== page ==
Incitement

Daniel Okrent’s False Symmetry

Daniel Okrent is soon to conclude his tenure as the New York Times' Public Editor (ombudsman). In his post, he often listened seriously to reader comment and on occasion concurred with criticism of the paper.He also encouraged systematic corrections on the opinion pages. Given this independent-minded approach, Okrent's April 24 commentary on Middle East coverage disappointed on many counts, omitting or glossing over tough issues and resorting ultimately to platitudes about how difficult it is for the paper to "walk down the middle."

BBC and Ha’aretz Journalist Whitewash Palestinian Incitement

Akiva Eldar, the Ha'aretz journalist who recently transformed Palestinian propagandist Hanan Ashrawi into the "Enemy of Incitement," weighs in again on Palestinian incitement. In a BBC interview March 15, he repeats the old canard that the offending Palestinian texts are outdated Jordanian and Egyptian books, and concludes that anyway, "the focus on incitement is very wrong and it's in a way irrelevant as long as we are fighting."

Ha’aretz Gives Hanan Ashrawi a Makeover

In a news feature item in the Thursday edition of Ha'aretz, Akiva Eldar discusses Palestinian spokeswoman Hanan Ashrawi, her organization MIFTAH, and incitement. Interestingly, his only mention of the word "propaganda" relates to "Israeli propaganda" originating from the Israeli Foreign Ministry, and the Ha'aretz writer has not a word to say about incitement originating from Ashrawi and MIFTAH themselves.

The New York Times’ Knee-Jerk Editorial Bias

“A precipitous Israeli overreaction” is what a January 15, 2005 New York Times editorial labelled Israel’s decision to end all contact with the Palestinian Authority (PA) until it begins to take action against the type of terrorism unleashed against Israel on January 13.

IHT Op-Ed Claims ‘No Incitement’ in Palestinian Textbooks

Roger Avenstrup, an international education consultant, made a startling claim in the International Herald Tribune: Palestinian textbooks do not, in fact, contain incitement against Israel. His astounding conclusion is partly based on distortions and selective quotations from studies of the Israel/Palestine Center for Research and Information, as well as on misrepresentations of the outcomes from a U.S. Senate subcommittee hearing and a European Parliament political committee.

CAMERA Op-Ed Published in Asheville Citizen-Times

To better understand Muslim rejection of Israel -- and more broadly, hatred of the West -- Americans must look beyond the arguments of those who use Israel as a scapegoat, citing this or that Israeli policy.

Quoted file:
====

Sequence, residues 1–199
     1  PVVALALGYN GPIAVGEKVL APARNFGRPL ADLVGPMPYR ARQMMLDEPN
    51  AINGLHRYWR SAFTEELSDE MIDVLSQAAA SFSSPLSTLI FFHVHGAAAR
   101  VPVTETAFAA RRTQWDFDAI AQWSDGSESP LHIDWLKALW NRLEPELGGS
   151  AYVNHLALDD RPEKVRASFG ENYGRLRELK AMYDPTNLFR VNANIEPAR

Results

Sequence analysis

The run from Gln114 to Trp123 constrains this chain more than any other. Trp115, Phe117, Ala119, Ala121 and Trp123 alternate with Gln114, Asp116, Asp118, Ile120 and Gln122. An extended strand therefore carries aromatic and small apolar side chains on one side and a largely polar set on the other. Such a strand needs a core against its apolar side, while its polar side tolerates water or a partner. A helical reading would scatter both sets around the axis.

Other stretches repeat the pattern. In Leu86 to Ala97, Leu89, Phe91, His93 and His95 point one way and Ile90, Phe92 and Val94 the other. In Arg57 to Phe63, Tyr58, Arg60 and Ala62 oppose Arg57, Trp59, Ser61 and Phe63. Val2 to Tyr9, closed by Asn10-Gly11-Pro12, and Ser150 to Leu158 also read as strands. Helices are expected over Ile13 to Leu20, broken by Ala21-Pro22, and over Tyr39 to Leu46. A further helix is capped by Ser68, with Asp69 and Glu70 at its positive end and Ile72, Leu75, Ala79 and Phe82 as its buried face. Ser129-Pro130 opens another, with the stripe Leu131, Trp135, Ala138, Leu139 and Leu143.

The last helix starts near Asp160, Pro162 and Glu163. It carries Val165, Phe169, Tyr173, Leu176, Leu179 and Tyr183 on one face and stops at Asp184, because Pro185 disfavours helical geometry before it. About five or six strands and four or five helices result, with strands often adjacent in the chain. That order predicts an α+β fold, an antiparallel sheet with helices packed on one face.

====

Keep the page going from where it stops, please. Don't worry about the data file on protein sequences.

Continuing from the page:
The New York Times; Too Little, Too Late on Incitement

The New York Times has finally found space on its pages to expose one of the foremost obstacles to peace — the chronic anti-Israel and anti-Jewish incitement that has flooded Palestinian public television and radio since 2000. Why now? To inform readers that the current PLO Chairman Mahmoud Abbas has asked for the incitement to stop. The Times is apparently unable to expose Palestinian incitement for what it is, however, without suggesting that Israel has done something similar. But this is simply not true.

LA Times Slants Israel’s Gaza Mission

An October 17 Los Angeles Times article by Laura King and Fayed Abu Shammalah, "Palestinians Return to Scenes of Ruin," follows the pattern typical for slanted reports on Israeli military operations against Palestinian terrorists and their infrastructure.

The New York Times covers (and covers up for) Palestinian child bombers

Why do Palestinian children become human bombs, willingly strapping on suicide belts and slipping into Israel to kill as many Jews as possible? That's the key question which the New York Times has once again failed to answer, this time in an otherwise informative story by Greg Myre ("Israel Says Children Enlist Children as Suicide Bombers", June 13, 2004).

CNN’s Terror Coverup

CNN once again obscured the reason for Palestinian terrorism by not even once mentioning the sustained campaign of hatred and incitement against Jews and Israelis that has been a staple of Palestinian newspapers, radio, television, mosques, classrooms and summer camps. Instead of exploring for viewers the horrifically effective Palestinian brainwashing campaign that has convinced so many Palestinians to kill and be killed, CNN in effect blamed Israel for the suicide bombings.